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Competitive swimmer Michael Phelps rose to fame after winning a whopping eight gold medals in the 2008 Summer Olympics in Beijing (that was after picking up a not-too-shabby four during the '04 games), and the world suddenly took an interest in all things Phelps, from his devoted mom to his dating life to the number of calories the 6'4" super athlete consumed. But as for those reports that the Baltimore native, now 27, consumes 12,000 calories daily (including full pizzas and two dozen eggs) daily to fuel his rigorous training schedule, well, it's not true … not exactly, anyway.
"People make a big deal out of what I eat, but it's not that crazy. I had a three-egg omelet and three pieces of French toast and coffee this morning," he tells Details magazine. "For recovery, I think it's a big deal to eat within a half-hour after you exercise. Otherwise I just try to put carbs into my system before I swim and then load up on the protein after. I don't count calories. Whether it's Sour Patch Kids or Reese's or a bag of chips, if I feel like eating it, I'm going to eat it."
It wasn't so much Phelps' eating habits as his lack of exercise that has caused him trouble in recent years. After coming off his wild winning streak in Beijing, Phelps found himself facing a frightening question he didn't have an answer for: Now what? "At that point, I just didn't have anything. It was weird going from the highest of the high, the biggest point of your life — winning eight gold medals — and then saying, 'All right, where do I go from here?' I wasn't motivated. I did nothing, literally nothing, for a long time."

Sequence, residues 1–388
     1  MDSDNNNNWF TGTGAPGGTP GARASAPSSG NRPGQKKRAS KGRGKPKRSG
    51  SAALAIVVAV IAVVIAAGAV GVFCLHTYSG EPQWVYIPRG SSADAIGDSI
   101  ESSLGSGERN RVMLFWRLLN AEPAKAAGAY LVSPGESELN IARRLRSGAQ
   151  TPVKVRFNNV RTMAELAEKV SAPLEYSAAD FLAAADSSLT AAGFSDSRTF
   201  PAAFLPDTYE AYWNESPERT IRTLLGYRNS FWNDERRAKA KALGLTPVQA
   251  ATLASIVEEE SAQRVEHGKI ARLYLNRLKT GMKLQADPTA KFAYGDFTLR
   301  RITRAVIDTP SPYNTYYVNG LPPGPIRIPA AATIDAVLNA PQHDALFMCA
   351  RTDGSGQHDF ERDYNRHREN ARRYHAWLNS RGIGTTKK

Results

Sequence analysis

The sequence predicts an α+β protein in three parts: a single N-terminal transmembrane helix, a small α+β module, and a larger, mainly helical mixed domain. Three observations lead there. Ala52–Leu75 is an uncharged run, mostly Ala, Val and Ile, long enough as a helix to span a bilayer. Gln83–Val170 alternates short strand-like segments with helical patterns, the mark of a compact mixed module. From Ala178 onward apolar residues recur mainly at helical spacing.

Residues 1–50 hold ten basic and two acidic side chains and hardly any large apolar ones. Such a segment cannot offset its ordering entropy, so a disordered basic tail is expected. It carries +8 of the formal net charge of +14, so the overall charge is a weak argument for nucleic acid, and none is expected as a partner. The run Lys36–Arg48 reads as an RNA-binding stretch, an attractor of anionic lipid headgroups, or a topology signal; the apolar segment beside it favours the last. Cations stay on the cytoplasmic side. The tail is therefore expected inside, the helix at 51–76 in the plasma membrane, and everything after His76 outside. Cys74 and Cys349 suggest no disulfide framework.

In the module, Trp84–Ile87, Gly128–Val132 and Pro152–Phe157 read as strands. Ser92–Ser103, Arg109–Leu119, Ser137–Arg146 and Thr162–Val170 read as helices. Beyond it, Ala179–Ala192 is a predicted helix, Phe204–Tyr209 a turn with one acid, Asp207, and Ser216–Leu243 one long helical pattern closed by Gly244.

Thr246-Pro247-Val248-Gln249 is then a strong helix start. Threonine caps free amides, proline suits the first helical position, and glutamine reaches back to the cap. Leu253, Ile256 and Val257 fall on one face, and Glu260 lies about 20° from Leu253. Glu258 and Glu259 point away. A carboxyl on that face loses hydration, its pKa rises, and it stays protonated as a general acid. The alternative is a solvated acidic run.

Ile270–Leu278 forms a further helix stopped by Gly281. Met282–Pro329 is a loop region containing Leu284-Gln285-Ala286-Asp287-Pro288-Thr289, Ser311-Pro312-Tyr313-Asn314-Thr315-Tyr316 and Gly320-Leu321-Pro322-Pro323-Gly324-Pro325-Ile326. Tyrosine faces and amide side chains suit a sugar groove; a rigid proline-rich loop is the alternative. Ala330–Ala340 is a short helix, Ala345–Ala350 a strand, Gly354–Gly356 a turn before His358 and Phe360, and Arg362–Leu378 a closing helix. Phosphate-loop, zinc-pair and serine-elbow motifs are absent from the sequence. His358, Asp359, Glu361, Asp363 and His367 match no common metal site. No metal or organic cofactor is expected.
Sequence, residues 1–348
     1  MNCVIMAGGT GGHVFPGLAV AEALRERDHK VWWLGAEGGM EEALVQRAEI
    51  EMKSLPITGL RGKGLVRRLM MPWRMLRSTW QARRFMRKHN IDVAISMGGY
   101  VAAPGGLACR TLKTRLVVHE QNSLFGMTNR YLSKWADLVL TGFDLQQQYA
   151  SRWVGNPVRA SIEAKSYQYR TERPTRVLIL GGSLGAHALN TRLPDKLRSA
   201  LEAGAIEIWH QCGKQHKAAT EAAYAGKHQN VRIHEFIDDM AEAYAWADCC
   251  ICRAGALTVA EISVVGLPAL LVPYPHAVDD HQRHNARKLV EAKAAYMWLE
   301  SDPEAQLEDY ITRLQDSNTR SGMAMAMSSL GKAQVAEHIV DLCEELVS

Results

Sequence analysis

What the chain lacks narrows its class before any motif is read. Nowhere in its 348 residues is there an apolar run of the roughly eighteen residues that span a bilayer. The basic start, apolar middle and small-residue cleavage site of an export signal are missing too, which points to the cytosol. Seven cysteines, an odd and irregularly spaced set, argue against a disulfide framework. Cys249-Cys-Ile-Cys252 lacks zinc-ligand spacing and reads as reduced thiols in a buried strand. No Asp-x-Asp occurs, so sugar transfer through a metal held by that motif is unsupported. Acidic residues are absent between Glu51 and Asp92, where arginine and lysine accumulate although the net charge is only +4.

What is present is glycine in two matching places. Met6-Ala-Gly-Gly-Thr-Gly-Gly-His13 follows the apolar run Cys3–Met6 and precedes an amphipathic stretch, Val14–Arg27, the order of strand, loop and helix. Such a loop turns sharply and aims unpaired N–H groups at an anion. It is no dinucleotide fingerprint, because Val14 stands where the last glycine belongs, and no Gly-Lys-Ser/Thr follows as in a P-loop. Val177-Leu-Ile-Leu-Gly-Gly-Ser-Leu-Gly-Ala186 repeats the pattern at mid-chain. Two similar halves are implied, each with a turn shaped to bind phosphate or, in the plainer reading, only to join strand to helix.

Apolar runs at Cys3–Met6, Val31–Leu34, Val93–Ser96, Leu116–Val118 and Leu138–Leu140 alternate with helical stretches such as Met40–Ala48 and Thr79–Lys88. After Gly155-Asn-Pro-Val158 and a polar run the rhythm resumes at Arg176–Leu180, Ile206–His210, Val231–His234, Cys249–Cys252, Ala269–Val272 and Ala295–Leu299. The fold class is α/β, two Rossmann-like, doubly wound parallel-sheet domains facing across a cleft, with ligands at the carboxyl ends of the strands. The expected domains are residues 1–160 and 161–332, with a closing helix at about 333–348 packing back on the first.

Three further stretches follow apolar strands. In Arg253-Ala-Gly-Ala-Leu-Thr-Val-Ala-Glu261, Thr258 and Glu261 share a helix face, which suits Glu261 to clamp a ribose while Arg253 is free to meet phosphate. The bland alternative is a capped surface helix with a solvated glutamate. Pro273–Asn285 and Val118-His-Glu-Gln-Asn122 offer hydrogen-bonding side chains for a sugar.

He soon gained 25 pounds.
"A friend of mine and I were playing football on the beach in Miami, and somebody got a picture of us and put it all over the place," Phelps recalls. "And he's like, 'Bro, you gotta start working out, man. You are fat.'"
Luckily, he did, but Phelps faced another bump in the road after a photo surfaced of the Olympic medalist smoking marijuana. "It was a learning experience. I'm the kind of person who has to go through the learning experiences myself," he says in the interview "Growing up, my mom taught us to make our own decisions, but also that you have to pay for the consequences of those decisions. I'm thankful for that. I'll be the first to say I've made thousands of mistakes, but I've never made the same mistake twice."
All things considered, Phelps has made very few mistakes when it comes towards becoming the world-renowned athlete he is today. He began training when he was just a tyke and, beginning at age 13, he didn't take a single day off from early-morning training for the six years leading up the 2004 Athens Games … and yes, it was as bad as it sounds.
"I used to have a thing — coach Bob [Bowman] and I couldn't talk to each other before 8 a.m. because I was in a terrible mood. I don't like getting up that early," Phelps admits. Getting into the cold pool just isn't fun. It sucks. But during those six years it was a sacrifice that I made to try to become my best. So yeah, in bed at 10 or earlier every night. Waking up at 6:30 every day. When I was a kid, I would do anything. Whatever Bob told me to do, I would do about 10 times better. I wanted to be the best. I still do."
Still, his training sessions have changed a bit, with Phelps decreasing the number of meters he swims per week from 80,000 to 50,000 with more of a focus on weight lifting. "I'm doing more Olympic-style lifts, like power cleans and snatches and plyometric push presses and box jumps, to get explosive power for jumping off the block and pushing out of turns," he explains. "At this point in my career, everybody has caught up. So I'm fine-tuning the little things that add up to make a huge difference."
Has everybody really caught up? All eyes will be on London to see if Phelps proves himself wrong.
The August issue of Details hits newsstands Tuesday, July 10.
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